The Khojas underwent profound changes during the Imamat of Aga Khan III, who also faced a legal suit in 1905 filed by his cousin Hajji Bibi, which came to be known as the Hajji Bibi case. As with the 1866 Khoja case, the Hajji Bibi case revealed the extent to which taqiya was still practiced by the Khojas, enabling dissenters to challenge the authority and legitimacy of the Imam. A British judge presiding over the case gave further legal validation to the Aga Khan’s authority and reaffirmed the Ismaili identity of the Khojas.
As a result of these schisms and legal decisions, the identity of the Khojas was clearly defined as ‘a religious community,’ and differentiated from that of the Sunnis and the Ithnaʿasharis alike, the cornerstone of which was allegiance to a living Ismaili Imam.
Following the court cases, changes were introduced – the batin, previously concealed within or behind the zahir, now came to the fore. Aga Khan III also removed some of the Hinduistic elements from Isma’ili ritual. In this area he appears to have moved cautiously, perhaps in deference to the conservatism of the wealthy Khojas on whom he depended for his organization… firmans issued between 1934 and 1939 direct Ismailis to project an Islamic identity for the sake of Muslim unity by attending mosques on Fridays and mingling with other Muslims (p 383 note 39).
Foremost among the goals ordained by Aga Khan III are social welfare, health, and education. He organised the community through a Constitution, a hierarchy of councils for self-governance, and founded a network of schools and medical centres, emphasizing the education and participation of women.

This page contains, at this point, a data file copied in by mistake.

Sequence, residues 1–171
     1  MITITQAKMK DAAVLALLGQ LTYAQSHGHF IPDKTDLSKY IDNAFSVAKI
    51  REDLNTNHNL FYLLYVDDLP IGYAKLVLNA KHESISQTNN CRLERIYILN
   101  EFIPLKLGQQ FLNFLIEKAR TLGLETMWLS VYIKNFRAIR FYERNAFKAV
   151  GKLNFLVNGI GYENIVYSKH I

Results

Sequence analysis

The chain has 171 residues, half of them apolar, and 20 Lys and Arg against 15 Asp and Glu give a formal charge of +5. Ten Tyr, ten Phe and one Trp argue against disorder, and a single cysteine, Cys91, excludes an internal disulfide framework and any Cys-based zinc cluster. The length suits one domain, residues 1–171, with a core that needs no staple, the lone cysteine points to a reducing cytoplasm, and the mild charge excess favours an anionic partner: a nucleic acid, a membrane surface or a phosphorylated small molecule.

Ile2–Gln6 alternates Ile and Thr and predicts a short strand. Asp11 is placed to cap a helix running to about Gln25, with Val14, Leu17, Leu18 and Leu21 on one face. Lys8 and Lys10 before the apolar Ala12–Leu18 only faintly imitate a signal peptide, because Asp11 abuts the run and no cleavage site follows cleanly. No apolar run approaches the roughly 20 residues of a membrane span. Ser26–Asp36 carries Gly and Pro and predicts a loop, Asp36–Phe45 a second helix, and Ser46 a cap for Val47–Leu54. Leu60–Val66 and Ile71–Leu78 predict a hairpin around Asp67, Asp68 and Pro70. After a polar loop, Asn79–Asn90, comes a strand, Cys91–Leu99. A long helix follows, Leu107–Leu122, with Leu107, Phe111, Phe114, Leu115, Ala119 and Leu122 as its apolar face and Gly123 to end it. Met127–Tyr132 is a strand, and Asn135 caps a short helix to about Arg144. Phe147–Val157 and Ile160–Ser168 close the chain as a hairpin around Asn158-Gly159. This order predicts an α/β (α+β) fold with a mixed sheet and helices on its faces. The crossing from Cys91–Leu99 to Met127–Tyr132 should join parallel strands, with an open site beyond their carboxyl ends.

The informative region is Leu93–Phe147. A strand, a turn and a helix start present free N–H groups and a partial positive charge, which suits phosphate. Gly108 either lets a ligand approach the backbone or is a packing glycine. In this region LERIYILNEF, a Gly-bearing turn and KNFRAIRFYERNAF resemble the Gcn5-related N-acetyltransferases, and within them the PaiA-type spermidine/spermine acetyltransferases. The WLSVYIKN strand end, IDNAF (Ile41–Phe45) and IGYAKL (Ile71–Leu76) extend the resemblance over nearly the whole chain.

As the leader of a recognised community whose distinctive identity he helped to forge Aga Khan III “carefully nurtured distinctive aspects of the Satpanth or Khoja Isma’ilism of India and East Africa … only Arabizing key aspects of ritual when the retreat of British power made it prudent to bring Isma’ilism closer to the Islamic mainstream” (p 392).
Aga Khan IV strengthened institutions found by his grandfather and established new ones to meet the changing needs of the Ismails, now residing all over the world.
Daftary states the present Imam Aga Khan IV, “as a major Muslim leader fully congnisant of the challenges and issues facing contemporary Muslims, has devoted a good share of his time and resources to promoting a better understanding of Islam, not only as a religion with a set of theological doctrines but as a major world civilization – or even a conglomerate of civilisations with their multiplicity of expressions and interpretations (The Ismaili Imams, I.B. Tauris, London, 2020 p 226-239).
Asani notes “while an institution in British colonial India played a facilitating role in defining in legal terms Khoja identity as being Ismailis, it was the hereditary Islamic institution, the Ismaili Imamate, that navigated the Ismaili Khojas through the whirlpools of cultural and political changes…” (From Satpanthi to Ismaili Muslim).
Adapted from Aga Khan III and the Ismaili Renaissance by Malise Ruthven published in New Trends and Developments in the World of Islam by Peter B. Clark, Luzac Oriental, London, 1998
Contributed by Nimira Dewji. Nimira is an invited writer at Ismailimail, although she has contributed several articles in the past (view previous articles). She also has her own blog – Nimirasblog – where she writes short articles on Ismaili history and Muslim civilisations. When not researching and writing, Nimira volunteers at a shelter for those experiencing homelessness, and at a women’s shelter. She can be reached at firstname.lastname@example.org